Nonstate actors have much less to lose if they break their commitment, because the international community does not have the legal leverage that it holds over a state party. Their chain of command is also weaker, and an agreement reached at the top level does not ensure implementation at lower levels. The notion of consent, both on the government and rebel sides, has also become much less clear; parties to a conflict now tolerate, rather than request, a UN presence, meaning that the UN peacekeepers have to negotiate the continuation of consent. The government of Sudan was always deeply suspicious of an international deployment in Darfur, and would only agree to a hybrid mission combining the UN and the African Union (AU), knowing that its influence on the AU would help constrain the UN.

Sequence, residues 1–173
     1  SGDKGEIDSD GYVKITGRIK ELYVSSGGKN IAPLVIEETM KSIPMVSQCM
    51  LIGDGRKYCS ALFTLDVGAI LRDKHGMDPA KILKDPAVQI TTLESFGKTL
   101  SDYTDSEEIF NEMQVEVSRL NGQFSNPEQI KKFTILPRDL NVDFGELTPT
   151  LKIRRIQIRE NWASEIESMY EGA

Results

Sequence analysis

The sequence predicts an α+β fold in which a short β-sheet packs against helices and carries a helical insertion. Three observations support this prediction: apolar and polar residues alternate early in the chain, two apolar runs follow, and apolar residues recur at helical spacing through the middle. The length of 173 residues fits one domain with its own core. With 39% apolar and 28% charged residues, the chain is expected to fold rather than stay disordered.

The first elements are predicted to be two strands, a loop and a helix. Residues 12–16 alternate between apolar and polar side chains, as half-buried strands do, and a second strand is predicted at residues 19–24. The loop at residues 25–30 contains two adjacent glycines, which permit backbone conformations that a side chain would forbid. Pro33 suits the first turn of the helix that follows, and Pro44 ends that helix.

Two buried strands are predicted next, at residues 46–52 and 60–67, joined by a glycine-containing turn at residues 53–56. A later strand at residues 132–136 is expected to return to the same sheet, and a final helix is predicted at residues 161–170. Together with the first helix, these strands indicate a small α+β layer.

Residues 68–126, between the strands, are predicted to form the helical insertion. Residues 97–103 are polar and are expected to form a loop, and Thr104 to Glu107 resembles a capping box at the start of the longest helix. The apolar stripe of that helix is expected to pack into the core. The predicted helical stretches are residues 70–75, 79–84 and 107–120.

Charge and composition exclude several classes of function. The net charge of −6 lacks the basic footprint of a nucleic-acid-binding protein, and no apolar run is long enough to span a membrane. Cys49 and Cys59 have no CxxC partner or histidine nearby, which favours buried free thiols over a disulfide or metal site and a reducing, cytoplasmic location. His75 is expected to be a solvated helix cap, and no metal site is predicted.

Meanwhile, the demands on UN forces have increased considerably. In civil wars, civilian populations are often the target, rather than collateral, and the tragedies of Yugoslavia and Rwanda have led the Security Council to include in most UN mandates the protection of civilians, at least in areas where UN forces are deployed and where they have the means to provide protection. This in turn has led to an evolution of the doctrine of peacekeeping, which no longer limits the use of force to self-defense, but includes “defense of the mandate.” This evolution has not been formally endorsed, because many of the troop-contributing countries are aware of the much higher level of risk that this new posture entails, and of the great imbalance between the needs and the resources, which can raise undue expectations and set up troops for failure.6